The truth is that we’re all going to hurt each other.  No matter how much love exists in a marriage, we’re going to get angry, be insensitive, betray one another, disappoint one another, lie, say awful things in the heat of the moment, forget birthdays, snore too loudly, butter the toast incorrectly… whatever.  And every time we feel wronged, we want justice.  Heck, sometimes we even want vengeance.  But if we can remember that our God feels that same pain every second of every day because his creation — his beloved — continually turns away and betrays Him, then it becomes a little easier to put it all into perspective.  If you ask me, no one really understands love until it’s hard.  True love is meaningless until it’s put to the test.

Too many people these days watch romantic movies and grow to believe that if you don’t feel passionately in love and happy all the time, something must be irreparably wrong.  You must be with the wrong person.  It’s clearly not “meant to be,” right?  Bullcrap.  Love isn’t a feeling.  It’s not about giddiness and infatuation.  Love is a choice, and we all have to consciously make the choice to love our spouse every single day.  Sometimes it’s easy, and other times it’s hard.  The easy times are the ones we remember with fondness and joy.  But the hard times are when we dig down deep and truly see what we’re made of.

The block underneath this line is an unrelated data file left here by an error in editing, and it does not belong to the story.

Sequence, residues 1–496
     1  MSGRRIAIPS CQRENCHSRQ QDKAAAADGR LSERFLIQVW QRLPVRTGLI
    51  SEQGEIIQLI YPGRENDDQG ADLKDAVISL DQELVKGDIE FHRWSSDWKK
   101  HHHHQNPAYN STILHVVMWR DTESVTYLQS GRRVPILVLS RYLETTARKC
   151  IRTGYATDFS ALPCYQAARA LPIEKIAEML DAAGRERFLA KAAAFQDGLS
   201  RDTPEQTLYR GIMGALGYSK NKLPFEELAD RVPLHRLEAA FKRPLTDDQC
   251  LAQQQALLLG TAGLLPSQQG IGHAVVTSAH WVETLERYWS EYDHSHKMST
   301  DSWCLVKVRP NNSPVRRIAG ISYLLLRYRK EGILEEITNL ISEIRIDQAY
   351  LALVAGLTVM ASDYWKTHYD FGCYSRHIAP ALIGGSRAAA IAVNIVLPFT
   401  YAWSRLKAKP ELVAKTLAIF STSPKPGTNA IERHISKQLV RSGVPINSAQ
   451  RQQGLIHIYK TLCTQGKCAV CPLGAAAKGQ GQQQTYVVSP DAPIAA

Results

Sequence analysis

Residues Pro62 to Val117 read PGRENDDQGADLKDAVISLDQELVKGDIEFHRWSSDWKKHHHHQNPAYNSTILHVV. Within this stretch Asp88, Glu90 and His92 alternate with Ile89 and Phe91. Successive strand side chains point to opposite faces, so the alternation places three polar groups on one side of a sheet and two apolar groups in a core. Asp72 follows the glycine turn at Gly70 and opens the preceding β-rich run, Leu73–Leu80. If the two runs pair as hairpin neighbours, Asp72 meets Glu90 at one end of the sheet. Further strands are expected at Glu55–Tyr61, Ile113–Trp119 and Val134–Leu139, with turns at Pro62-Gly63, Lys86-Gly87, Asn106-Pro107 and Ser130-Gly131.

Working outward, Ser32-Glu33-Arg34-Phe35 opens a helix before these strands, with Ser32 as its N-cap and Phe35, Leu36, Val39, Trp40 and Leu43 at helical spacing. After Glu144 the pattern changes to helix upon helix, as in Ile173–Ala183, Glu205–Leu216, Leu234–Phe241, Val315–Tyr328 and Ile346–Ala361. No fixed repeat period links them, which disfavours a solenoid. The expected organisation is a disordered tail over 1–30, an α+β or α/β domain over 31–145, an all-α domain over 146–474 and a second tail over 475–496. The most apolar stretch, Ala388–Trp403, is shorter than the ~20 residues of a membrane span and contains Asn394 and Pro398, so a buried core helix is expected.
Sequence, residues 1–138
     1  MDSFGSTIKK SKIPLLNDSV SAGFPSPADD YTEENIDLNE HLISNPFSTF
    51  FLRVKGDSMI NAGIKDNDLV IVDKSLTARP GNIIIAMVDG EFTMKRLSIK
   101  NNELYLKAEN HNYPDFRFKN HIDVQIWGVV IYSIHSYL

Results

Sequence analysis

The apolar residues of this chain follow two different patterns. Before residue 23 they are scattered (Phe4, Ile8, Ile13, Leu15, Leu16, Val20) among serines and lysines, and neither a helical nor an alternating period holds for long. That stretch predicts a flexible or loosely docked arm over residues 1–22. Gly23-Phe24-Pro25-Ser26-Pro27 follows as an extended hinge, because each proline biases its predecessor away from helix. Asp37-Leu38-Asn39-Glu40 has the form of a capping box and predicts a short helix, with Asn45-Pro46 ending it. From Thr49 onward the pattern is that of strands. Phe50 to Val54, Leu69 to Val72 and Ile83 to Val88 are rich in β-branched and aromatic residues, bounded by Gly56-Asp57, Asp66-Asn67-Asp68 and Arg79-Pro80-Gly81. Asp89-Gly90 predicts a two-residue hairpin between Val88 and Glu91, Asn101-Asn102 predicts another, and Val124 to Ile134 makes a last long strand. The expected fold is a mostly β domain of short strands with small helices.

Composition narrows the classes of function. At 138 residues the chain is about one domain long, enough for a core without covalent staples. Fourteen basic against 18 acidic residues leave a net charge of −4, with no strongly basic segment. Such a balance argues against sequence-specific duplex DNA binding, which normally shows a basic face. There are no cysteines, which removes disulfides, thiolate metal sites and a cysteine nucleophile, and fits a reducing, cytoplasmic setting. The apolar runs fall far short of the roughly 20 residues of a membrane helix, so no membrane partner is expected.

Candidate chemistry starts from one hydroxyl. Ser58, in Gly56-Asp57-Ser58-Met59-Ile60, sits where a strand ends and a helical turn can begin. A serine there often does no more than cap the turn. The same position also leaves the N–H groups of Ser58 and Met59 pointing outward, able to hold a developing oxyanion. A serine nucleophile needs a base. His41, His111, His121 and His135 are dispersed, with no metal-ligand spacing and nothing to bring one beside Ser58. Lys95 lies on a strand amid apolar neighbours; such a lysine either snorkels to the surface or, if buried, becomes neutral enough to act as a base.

I’m probably rambling now, so I guess I’ll wrap this up.  In summary, I love you, Ky — just as much today as when we first said, “I do.”  You’re beautiful and amazing and I don’t know what I would ever do without you.  Somehow we managed to make it through ten freakin’ years together, so here’s hoping for forty or fifty more!  And to those of you reading this who are single or have only been married for a short time, I truly hope that some of the things I’ve said here are at least a little bit helpful.  I’m no marriage counselor, and I’m far from an ideal husband.  Heck, sometimes I still have trouble with the basics!  But if the struggles Kylee and I have been through are good for anything, it’s to show others that it can be done — that the odds can be beaten and that marriage can last if you make the choice not to give up.